I think you are very wise not to try the introduction again for the safety of the glider.

The majority of the time it is best to keep the species separate.


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Re: Cats and Gliders Getting Along? [Re: Emory] #1417969
10/17/18 08:54 PM
10/17/18 08:54 PM
Joined: Nov 2015
Posts: 1,418
Belleville, IL
Hutch Offline
Glider Slave
Hutch  Offline
Glider Slave

Joined: Nov 2015
Posts: 1,418
Belleville, IL
I've heard the claim many times that it is the smell that triggers the hunting instinct. I truly believe it is marketing hype. Look at other things that trigger that same instinct: insects, laser points, fuzzy toys flicking around, feathers. What they all have in common is movement.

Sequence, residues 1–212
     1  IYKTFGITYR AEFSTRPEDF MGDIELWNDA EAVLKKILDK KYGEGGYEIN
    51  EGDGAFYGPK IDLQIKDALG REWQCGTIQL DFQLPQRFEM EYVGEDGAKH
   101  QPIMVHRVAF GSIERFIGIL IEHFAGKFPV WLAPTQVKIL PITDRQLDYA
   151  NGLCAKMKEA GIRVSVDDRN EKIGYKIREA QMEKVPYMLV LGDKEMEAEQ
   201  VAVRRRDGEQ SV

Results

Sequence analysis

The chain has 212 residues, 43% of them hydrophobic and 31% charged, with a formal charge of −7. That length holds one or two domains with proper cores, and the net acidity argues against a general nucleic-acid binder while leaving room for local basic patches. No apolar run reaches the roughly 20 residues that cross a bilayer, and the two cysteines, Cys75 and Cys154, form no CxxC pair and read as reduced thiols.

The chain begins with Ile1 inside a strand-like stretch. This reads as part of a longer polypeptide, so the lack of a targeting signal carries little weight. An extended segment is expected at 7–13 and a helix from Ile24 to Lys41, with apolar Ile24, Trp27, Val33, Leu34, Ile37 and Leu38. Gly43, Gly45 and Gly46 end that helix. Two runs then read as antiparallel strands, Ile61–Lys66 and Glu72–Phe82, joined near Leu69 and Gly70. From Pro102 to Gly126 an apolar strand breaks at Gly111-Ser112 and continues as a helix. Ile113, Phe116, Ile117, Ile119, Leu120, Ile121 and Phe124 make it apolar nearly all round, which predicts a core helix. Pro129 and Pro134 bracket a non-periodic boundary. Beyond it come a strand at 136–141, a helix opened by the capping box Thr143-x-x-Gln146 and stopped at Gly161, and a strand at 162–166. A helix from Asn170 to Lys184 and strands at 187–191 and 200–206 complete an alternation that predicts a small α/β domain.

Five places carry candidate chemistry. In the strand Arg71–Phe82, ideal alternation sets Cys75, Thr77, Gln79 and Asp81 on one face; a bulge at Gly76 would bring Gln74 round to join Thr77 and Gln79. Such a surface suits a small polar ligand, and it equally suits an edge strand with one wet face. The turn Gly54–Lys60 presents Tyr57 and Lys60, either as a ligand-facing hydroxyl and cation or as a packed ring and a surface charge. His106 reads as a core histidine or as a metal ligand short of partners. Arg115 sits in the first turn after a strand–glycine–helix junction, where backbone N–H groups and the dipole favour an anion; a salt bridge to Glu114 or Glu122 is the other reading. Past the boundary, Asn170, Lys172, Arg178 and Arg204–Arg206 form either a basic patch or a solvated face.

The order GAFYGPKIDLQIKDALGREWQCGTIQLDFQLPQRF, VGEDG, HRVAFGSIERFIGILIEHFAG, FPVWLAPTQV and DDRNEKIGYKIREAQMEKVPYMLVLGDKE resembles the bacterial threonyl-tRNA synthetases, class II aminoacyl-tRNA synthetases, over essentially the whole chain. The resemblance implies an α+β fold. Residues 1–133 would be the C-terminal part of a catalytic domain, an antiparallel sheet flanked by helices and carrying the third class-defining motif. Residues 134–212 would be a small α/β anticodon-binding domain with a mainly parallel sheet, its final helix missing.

Smell plays a roll, but cats & dogs do not hunt by smell alone. Personality & training may help, but in the end, cats & dogs are predators that enjoy hunting smaller fluffy (or shiny) prey.


- Hutch

:plat: Arthur :wfb: Gwynevere :bb: Merlin :grey: Morgana

The epic saga begins here!
Re: Cats and Gliders Getting Along? [Re: Emory] #1418185
11/05/18 05:03 PM
11/05/18 05:03 PM
Joined: Feb 2018
Posts: 88
Minnesota
Hydrus Offline
Joey Member
Hydrus  Offline
Joey Member

Joined: Feb 2018
Posts: 88
Minnesota
I have a cat in my house with my 2 gliders. He is older tho...15 years old and doesn't pay any attention to my girls. Granted he's been raised with all sorts of critters over his 15 years, including my ferrets, African Grey, Iguana, etc. He's never had a problem with any of them - granted he's strictly indoors, has only been outside to go to the vet and when I moved.